Let’s face it, sometimes a carpet or flooring installer does a lousy job. You can’t let this go! It can cost you hundreds or even thousands over the long run! It’s your job as a savvy landlord or a trusted onsite property manager to make sure you don’t end up stuck with a lousy carpet or flooring installation that you should have quickly identified and made proper arrangements to have the issue corrected at no cost to you!
If you fail to recognize these key issues, then your new flooring will not last as long as they were designed to last! If your new flooring should last for 10 years, but due to being installed poorly, only lasts for 5 years, then what is the end result to your pocketbook! Times this to how many poorly installed floors?
How to Save BIG on Carpet & Padding Costs
By Alan J. Fletcher – Carpet buying expert and trusted consumer advocate
“When you need to replace the carpet in an apartment or rental home you will often need new pad too. But there may be times when you can save money on padding by reusing some or all of the pad if it is still in good condition.”
The purpose of installing padding under carpet is to provide a soft cushion of comfort when walked on, to support and protect the carpet from excessive wear and abrasion, and prevent the carpet from losing its “stretch” prematurely.
Padding is rated two ways, by thickness (height) and by density (weight).
The thickness of padding does not represent the quality. The quality of pad is always determined by density, and is measured in pounds. The more dense a pad, the better the quality (For example A 6-pound pad is better quality than a 3-pound pad). A dense padding has more matter and less air, and provides more support.
Installing a higher quality pad can extend the life span of any carpet significantly, and may allow you to save some money in the long run. Low-density padding contains more air and less matter, and will only last a year or two before it becomes noticeably deteriorated and becomes flat. Padding prices will vary depending mainly on the basis of density, not by thickness.
Sometimes it is possible to reuse the old pad that is under your existing carpet if it is in good condition, provided it has not deteriorated, and it has enough resiliency or density left in it to support your carpet properly. You or your maintenance person can easily determine if your existing pad is re-usable. Don’t rely solely on a carpet installer or retail salesperson to determine this for you, as they may not have your best interests in mind.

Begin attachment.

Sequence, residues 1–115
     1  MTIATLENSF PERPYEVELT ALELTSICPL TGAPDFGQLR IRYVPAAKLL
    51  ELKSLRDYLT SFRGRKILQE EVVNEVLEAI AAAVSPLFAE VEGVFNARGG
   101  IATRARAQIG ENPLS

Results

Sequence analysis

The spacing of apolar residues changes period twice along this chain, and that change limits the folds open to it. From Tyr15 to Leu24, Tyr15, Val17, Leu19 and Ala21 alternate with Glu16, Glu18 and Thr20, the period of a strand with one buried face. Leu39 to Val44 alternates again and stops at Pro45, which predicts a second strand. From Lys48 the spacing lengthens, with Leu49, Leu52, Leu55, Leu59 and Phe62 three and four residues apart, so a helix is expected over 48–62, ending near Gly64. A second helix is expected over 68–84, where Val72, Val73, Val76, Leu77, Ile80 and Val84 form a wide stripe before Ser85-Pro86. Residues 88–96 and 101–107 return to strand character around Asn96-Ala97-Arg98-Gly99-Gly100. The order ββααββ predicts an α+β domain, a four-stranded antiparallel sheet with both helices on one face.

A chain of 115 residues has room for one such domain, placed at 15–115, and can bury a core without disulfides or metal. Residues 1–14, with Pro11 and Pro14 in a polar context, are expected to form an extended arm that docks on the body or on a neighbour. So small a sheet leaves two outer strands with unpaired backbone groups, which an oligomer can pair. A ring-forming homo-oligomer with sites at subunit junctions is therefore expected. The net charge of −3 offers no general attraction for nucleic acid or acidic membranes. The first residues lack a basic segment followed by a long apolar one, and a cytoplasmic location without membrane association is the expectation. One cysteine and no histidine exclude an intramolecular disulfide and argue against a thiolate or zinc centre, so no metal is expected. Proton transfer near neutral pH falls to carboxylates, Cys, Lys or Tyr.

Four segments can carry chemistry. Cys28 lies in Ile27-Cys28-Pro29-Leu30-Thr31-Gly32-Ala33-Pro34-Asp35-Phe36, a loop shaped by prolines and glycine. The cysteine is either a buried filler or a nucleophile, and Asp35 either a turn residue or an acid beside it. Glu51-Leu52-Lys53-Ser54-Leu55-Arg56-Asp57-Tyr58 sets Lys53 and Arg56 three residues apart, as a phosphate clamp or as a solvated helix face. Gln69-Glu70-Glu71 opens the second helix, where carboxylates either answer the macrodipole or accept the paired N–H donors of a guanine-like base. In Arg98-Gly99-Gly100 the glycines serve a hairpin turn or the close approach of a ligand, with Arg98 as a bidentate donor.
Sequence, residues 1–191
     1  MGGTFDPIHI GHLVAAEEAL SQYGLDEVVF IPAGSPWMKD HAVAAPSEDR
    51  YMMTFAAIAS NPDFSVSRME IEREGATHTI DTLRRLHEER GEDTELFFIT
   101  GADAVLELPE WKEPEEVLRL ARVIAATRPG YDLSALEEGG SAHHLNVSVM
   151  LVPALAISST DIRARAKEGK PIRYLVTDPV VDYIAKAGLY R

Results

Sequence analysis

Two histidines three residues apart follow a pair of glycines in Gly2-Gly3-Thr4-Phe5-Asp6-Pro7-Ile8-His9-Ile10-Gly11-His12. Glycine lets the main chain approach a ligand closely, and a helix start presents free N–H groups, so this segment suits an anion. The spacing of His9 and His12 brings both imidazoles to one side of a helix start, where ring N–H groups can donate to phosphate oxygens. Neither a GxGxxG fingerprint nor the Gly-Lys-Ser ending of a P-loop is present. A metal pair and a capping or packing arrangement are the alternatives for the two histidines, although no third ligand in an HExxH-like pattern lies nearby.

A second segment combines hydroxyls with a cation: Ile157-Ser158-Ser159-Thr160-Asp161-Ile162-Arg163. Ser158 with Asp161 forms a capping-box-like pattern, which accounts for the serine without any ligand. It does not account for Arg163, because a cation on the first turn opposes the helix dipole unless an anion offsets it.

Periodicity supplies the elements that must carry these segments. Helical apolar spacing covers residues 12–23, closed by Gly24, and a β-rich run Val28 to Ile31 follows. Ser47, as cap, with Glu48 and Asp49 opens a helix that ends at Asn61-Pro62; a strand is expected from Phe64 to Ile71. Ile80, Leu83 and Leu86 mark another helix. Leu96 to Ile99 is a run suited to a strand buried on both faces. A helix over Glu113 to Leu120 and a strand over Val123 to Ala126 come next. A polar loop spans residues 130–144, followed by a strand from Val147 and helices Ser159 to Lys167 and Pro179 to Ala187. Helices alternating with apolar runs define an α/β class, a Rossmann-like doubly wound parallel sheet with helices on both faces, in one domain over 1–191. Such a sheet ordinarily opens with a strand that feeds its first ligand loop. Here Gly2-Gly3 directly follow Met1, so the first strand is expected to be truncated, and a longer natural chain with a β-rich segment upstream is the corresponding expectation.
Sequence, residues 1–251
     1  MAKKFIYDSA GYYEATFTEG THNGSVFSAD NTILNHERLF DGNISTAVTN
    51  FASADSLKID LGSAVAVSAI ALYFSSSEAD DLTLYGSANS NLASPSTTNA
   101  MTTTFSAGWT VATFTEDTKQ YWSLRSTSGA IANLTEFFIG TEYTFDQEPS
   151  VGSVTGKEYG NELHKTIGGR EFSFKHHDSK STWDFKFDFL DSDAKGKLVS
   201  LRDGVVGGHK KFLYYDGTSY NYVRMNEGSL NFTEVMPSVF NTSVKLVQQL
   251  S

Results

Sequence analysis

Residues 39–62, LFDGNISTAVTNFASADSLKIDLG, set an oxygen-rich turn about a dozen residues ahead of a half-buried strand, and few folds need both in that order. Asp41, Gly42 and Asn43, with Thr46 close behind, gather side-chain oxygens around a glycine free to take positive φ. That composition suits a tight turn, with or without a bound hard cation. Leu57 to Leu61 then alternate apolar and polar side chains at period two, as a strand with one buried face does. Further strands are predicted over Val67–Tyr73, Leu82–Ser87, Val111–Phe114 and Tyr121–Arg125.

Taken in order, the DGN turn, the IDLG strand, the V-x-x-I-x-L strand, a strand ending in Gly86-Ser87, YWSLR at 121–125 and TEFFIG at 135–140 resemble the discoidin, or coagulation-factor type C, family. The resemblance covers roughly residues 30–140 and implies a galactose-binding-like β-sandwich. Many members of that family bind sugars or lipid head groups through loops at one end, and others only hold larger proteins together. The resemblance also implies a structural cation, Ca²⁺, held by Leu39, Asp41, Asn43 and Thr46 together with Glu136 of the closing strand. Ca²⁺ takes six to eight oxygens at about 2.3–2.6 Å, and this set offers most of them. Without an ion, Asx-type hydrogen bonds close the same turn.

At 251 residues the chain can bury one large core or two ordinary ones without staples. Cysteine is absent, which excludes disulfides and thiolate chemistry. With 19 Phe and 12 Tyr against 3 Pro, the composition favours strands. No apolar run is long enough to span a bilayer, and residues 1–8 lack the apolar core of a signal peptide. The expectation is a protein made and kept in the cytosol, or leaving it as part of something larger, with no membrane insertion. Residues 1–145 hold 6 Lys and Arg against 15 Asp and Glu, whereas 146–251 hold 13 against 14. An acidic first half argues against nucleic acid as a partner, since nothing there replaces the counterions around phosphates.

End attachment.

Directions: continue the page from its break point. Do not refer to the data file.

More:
If your padding has noticeable odors from pet urine that have soaked through, you will have to replace the pad. It would also be a good idea to seal the sub-floors with a paint/sealer product designed to help cover the odor permanently, prior to installing new padding.
In order to you to determine if your pad is reusable, you must be able to completely inspect it. After the old carpet has been removed, carefully inspect the pad, especially in the high traffic areas.
You are looking to see if the pad has deteriorated. It is supposed to be spongy under foot. Step on the pad. It should feel like it has some spring left in it.
If it has become flat and lifeless you will need to replace some or all of it. Areas that have limited signs of wear can be used again.
What Causes Carpet Wrinkles?
Do You Have Carpet Buckles, Waves, Ripples or Wrinkles?
Here are my Top 10 causes for carpet wrinkles and how to deal with the problem.
What is a Carpet Wrinkle?
Carpet wrinkles are the result of your carpet not being stretched in tight enough to prevent wrinkles from forming over time. All carpet installed over padding must be stretched in tightly from one wall to another using a mechanical tool called a “Power Stretcher” this tool is uses leverage instead of knee force.